Water (257 ml) was added dropwise at 80 C. to the above homogeneous solution at 1 ml/min for hydrolysis, to prepare a slurry containing the precipitate. Then, the slurry was allowed to stand for 160 hours, while kept at 90 C., for aging, evaporated and solidified by a rotary evaporator, and calcined at 650 C. for 5 hours in a flow of air. The catalyst thus prepared, comparative catalyst (c), had a chemical composition of alumina: 0.3 wt. %, silica: 85.7 wt. %, molybdenum oxide: 10.4 wt. %, cobalt oxide: 2.6 wt. %, nickel oxide: 0.6 wt. % and phosphorus oxide: 0.4 wt. %, and contained 0.025 mol/mol of the hydrogenation-active component.

The chemical compositions and properties of the catalysts prepared by EXAMPLES and COMPARATIVE EXAMPLES are given in Table 1.

Evaluation of Catalyst Activity

The catalysts prepared by EXAMPLES and COMPARATIVE EXAMPLES were evaluated for their activity by hydrotreating a hydrocarbon oil under the following conditions:

(1) Preparation of Catalyst Pellets

The catalyst pellets were prepared for evaluation of catalyst activity by the following procedure. The catalyst composition was compacted at 2 tons/cm2 by a tablet maker, 20 mm in diameter. The compact was crushed in an alumina mortar, and screened by a 500 μm sieve. The pellets not passing through the sieve were used for catalyst activity evaluation.

For the catalyst composition prepared by COMPARATIVE EXAMPLES 1 and 2 were directly crushed in an alumina mortar. The pellets were screened by a 500 μm sieve, and those passing through the sieve were further screened by a 250 μm sieve. The pellets not passing through the sieve were used for catalyst activity evaluation.

Evaluation of Hydrodesulfurization (HDS) Activity with Light Gas Oil (LGO-D) from a Middle Eastern Crude

Test oil properties, reactor system and reaction conditions are given in Table 3.

The test was conducted by the following procedure:

(i) For the Case of Catalyst, Other than that Prepared by Example 1 (SNCMSAM02)

The catalyst (4.6 g) packed in a reactor was treated with a hydrogen gas containing 5% of H2S flown at 200 cc/min, for sulfiding under the following temperature program:

The catalyst was heated from room temperature to 200 C. in 30 min, at which it was held for 30 min, to 340 C. in 30 min, at which it was held for 2 hours, and then cooled to 200 C. in 30 min.

LGO-D (approximately 25 cc) was passed into the reactor when the sulfided catalyst was cooled to 170 C. On completion of passing LGO-D, reactor pressure was increased, and then temperature was also increased to 320 C. in 30 min, for the hydrodesulfurization (HDS) reactions.

(ii) For the Case of Catalyst prepared by Example 1 (SNCMSAM02)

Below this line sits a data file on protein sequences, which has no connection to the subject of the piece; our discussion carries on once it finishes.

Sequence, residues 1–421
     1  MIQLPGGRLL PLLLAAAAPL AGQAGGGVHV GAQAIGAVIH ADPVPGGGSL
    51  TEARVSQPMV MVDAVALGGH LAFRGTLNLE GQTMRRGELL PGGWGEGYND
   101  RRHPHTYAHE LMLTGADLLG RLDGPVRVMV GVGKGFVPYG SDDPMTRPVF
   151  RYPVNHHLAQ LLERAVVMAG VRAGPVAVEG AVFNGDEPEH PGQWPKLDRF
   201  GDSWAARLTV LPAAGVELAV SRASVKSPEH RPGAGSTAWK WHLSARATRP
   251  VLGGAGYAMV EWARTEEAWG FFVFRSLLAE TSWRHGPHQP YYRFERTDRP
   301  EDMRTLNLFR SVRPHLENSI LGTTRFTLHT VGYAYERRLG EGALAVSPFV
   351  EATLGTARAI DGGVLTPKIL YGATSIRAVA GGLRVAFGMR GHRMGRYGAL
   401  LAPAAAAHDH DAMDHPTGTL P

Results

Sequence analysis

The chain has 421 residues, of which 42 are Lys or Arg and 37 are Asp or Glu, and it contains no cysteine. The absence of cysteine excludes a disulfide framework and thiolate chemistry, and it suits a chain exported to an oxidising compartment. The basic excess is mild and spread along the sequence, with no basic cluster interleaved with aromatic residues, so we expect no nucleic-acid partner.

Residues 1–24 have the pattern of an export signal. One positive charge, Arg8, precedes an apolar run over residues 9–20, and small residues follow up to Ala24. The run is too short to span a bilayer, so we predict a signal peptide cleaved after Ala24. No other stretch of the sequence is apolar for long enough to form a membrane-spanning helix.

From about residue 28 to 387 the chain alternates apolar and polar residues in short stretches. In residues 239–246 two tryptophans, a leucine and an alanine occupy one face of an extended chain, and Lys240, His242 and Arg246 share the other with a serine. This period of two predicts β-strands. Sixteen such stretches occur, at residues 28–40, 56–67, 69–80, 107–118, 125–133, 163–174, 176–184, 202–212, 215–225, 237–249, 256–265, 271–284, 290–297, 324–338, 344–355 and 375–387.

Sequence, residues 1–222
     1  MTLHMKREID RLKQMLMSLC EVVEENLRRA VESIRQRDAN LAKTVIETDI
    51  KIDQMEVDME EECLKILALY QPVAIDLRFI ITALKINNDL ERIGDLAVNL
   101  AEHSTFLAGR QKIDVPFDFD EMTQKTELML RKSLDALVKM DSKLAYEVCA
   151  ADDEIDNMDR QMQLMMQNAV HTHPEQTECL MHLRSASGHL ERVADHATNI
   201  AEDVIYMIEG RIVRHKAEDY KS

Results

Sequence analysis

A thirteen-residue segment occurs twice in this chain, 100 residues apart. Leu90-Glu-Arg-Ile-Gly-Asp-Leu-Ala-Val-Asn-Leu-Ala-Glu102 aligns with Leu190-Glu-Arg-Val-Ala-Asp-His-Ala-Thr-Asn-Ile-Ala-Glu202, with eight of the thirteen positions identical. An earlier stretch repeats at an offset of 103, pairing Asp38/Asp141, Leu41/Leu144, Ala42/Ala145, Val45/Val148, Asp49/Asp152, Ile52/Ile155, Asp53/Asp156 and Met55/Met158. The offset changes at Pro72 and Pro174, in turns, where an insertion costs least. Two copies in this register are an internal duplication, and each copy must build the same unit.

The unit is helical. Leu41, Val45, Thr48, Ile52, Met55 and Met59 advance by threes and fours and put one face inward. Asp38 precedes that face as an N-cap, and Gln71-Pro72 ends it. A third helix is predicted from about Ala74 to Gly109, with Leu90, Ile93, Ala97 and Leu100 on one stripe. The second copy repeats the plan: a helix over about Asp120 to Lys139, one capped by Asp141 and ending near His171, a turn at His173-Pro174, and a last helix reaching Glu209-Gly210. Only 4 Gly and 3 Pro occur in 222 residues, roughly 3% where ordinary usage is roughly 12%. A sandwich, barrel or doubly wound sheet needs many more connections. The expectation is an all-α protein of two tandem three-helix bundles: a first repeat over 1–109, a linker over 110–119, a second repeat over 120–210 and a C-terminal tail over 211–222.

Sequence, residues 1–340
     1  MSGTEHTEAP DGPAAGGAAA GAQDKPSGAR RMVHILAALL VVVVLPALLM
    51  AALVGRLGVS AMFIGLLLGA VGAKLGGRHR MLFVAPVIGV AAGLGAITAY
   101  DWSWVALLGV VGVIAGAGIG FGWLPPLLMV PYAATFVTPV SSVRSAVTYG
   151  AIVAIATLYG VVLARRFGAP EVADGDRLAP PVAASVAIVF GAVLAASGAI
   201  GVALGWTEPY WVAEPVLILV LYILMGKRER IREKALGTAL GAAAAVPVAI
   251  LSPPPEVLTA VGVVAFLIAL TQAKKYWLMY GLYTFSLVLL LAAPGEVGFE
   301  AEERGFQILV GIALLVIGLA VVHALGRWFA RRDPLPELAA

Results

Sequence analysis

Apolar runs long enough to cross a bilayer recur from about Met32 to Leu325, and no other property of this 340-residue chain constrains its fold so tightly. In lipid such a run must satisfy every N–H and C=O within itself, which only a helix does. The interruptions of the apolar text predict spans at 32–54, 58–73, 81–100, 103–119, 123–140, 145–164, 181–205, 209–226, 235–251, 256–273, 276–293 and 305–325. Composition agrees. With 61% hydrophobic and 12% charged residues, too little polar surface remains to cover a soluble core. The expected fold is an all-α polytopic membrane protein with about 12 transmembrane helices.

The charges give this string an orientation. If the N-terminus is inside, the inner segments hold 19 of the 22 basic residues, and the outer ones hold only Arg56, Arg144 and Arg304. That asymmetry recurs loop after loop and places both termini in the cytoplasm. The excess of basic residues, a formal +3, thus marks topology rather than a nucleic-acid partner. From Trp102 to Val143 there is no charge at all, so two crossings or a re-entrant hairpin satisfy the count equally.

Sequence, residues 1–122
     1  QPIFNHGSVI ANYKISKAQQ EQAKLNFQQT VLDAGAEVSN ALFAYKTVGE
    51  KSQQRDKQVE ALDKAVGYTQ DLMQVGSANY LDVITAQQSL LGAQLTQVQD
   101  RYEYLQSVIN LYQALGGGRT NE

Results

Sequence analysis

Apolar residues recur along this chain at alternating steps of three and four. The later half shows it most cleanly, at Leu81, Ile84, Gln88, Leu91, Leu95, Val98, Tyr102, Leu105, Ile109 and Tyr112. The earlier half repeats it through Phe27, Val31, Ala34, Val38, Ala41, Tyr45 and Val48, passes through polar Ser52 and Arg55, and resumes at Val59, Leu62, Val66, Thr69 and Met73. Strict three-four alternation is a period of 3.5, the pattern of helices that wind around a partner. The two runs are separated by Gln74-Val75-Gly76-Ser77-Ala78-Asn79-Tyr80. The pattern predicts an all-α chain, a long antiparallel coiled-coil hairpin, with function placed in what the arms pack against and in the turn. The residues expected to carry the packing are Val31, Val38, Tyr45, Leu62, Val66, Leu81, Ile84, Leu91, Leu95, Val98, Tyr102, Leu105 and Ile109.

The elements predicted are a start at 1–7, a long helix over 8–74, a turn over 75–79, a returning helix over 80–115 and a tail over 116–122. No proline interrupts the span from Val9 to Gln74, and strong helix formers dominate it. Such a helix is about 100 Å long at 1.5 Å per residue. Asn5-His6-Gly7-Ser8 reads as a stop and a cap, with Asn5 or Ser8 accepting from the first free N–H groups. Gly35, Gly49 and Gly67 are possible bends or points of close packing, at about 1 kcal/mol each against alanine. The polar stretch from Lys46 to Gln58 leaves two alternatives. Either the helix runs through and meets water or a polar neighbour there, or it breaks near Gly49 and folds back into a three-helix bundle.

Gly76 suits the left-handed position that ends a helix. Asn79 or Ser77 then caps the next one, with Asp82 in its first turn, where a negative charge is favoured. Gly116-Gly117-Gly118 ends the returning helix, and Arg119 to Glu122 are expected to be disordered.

The reactor containing 12.7 g of the catalyst precursor and 18 g of tridecane was pressurized by a hydrogen gas to 9 kg/cm2-G. The catalyst was heated from room temperature at 10 C./min to 350 C. at which it was held for 40 min, while a hydrogen gas and tridecane were passed through the reactor at 100 ml/min and 0.36 ml/min, respectively. It was then cooled to 340 C., and pressure in the reactor was decreased to 0 kg/cm2-G. It was kept at the above temperature level for 2 hours, while a hydrogen gas containing 5% of H2S was passed through the reactor at 200 ml/min.

The reactor was cooled further to 170 C., and approximately 25 cc of LGO-D was passed therethrough. It was then pressurized with hydrogen to a given reactor pressure, and heated to 320 C. in 30 min, for the hydrodesulfurization (HDS) reactions.

Catalyst HDS activity was determined by measuring sulfur content of the product obtained 10 hours after LGO-D was charged.

HDS activity was determined by the following formula:

HDS activity=(Liquid Hourly Space Velocity per Unit Catalyst Weight)[1/ S0.5−1/S0 0.5]

wherein, S and S0 are sulfur contents of the product and feed.

(3) Evaluation of Hydrodesulfurization (HDS), Hydrodenitrogenation (HDN), Hydrodearomatization (HDA), Hydroisomerization (HI), and Hydrocracking (HC) Activities with a Model Feed.

The evaluation test conditions are given in Table 4, and evaluation results in Tables 5 and 6.

The evaluation test was conducted using a 50 ml flow type autoclave by the following procedure:

(i) For the Case of the Catalyst Other than that Prepared by Example 1 (SNCMSAM02)

The catalyst (0.5 g) put in the autoclave reactor was treated with a hydrogen gas containing 5% of H2S flown at 200 ml/min, for sulfiding under the following temperature program:

The catalyst was heated from room temperature to 200 C. in 30 min, at which it was held for 30 min, to 340 C. in 30 min, at which it was held for 2 hours, and then cooled to 200 C. in 30 min.

A test oil for each test was passed into the reactor when the sulfided catalyst was cooled to 200 C. On completion of passing the test oil, reactor pressure was increased to 9 kg/cm2-G, and then temperature was also increased to 310 C. in 30 min, for the hydrotreating reactions under the conditions given in Table 4.

(ii) For the Case of the Catalyst Prepared by Example 1 (SNCMSAM02)